I felt like such a fraud. There I stood in front of my very first class, and I was panicked about the simple act of taking roll for first period on the first day of school. What if I pronounced their names wrong? What if I marked the attendance wrong? What if a little 6th grader was in the wrong class? What if I forgot one of the many pages of announcements? Those smiling faces expected me to be competent, and all I felt was shaky. I took a deep breath and smiled.
As it happened, I did mess up everything except for the child in the wrong class. That would happen later. But the lesson I learned would be critical to surviving my first year and some tough years since. Remember to breathe. When I couldn’t imagine how I would acquire enough bricks and toilet paper rolls to build Stonehenge, when I was so overwhelmed by paperwork that one more e-mail made me sob, when I sat in the hospital cafeteria waiting for the results of my toddler’s neurology tests, a deep breath would restore some balance, a little sanity, and enough strength to get me through five more minutes.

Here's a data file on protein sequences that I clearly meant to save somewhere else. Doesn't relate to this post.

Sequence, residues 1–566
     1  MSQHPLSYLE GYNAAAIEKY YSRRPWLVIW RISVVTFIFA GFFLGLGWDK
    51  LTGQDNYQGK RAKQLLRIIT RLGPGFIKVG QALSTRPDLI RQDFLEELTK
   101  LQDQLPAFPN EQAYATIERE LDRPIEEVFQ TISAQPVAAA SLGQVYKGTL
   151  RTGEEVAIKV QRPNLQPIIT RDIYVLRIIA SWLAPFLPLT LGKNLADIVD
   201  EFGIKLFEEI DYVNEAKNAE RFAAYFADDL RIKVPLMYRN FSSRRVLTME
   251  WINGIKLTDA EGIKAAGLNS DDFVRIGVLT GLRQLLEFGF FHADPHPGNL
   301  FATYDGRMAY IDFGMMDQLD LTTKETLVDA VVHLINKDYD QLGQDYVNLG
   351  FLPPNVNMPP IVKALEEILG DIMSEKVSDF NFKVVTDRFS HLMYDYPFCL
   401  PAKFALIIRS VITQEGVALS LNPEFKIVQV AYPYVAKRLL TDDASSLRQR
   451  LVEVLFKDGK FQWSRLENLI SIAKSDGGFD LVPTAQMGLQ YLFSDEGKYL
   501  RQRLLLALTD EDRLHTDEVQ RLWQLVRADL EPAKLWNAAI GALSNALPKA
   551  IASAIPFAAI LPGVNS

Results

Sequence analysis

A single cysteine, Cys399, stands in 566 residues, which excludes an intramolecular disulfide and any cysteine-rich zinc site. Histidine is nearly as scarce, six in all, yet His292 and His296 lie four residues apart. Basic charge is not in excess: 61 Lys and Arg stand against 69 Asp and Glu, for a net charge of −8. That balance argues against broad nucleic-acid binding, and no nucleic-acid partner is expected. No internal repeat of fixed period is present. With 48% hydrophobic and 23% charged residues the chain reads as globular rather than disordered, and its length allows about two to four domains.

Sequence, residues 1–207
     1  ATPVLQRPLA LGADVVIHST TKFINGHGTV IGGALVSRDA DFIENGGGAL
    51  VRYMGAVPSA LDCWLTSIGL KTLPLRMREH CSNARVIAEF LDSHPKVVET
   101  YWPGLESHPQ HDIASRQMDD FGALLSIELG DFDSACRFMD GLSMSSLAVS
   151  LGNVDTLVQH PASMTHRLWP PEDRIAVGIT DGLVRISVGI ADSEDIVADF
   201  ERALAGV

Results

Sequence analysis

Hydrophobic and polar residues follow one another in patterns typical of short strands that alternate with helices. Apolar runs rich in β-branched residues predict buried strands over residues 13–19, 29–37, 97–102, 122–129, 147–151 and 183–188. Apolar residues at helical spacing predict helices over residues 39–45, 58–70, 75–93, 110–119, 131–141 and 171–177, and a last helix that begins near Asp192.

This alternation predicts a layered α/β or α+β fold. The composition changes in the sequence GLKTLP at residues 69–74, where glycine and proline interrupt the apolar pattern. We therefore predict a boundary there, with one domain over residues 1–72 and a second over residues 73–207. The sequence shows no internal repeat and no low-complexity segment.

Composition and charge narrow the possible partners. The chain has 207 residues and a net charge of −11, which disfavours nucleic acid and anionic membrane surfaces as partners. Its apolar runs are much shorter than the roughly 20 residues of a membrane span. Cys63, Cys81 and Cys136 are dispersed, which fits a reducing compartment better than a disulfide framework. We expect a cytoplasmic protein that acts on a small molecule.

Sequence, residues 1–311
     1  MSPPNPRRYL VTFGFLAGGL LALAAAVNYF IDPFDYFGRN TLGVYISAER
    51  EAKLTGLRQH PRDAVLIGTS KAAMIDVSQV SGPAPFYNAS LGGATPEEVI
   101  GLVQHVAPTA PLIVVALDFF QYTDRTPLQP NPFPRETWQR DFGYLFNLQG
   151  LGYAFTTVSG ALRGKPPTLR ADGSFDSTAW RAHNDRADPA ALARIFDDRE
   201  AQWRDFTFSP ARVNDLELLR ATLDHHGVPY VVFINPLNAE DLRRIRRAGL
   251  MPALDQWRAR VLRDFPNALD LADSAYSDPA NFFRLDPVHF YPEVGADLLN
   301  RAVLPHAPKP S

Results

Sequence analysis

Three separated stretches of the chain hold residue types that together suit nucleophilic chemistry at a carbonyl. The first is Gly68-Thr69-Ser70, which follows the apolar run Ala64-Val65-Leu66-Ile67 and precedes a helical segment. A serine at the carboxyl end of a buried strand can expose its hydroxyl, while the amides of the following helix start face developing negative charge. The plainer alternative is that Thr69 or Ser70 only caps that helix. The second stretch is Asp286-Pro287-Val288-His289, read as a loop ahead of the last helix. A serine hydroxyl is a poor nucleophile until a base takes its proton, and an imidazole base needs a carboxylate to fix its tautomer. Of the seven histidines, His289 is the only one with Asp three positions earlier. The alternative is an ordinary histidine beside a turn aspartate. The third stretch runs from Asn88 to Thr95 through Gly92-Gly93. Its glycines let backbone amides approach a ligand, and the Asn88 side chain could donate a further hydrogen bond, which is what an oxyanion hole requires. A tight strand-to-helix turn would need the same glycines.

It’s not until you teach, that you are suddenly faced with everything they forgot to cover in your teacher prep program. You may have had an inkling that you would clean up blood, tears, urine, and vomit. But no teaching program prepares you to deal with the little girl who rolls her eyes the second she meets you, the boy who teaches everyone to shoot staples across the room, the girl whose rages get so intense that she has her own corner of the classroom, the bullies who sneak into your room during recess to stuff a desk with leaves, the children who are so hungry that they double over for an hour before lunch, the girl who hides under her bedroom desk when her father hits her mother, the homeless child who has attended school for two days in six months but shows up for state tests, and your own daughter who so wants your attention that she puts your mouse on timeout. This is all your responsibility now. You will get frustrated, you will get angry, you will cry, you will not sleep, you will agonize between continuing your carefully crafted lesson plan and dealing with the situation. You may even wonder if you have chosen the right profession. Buy yourself a moment of sanity. Remember to breathe.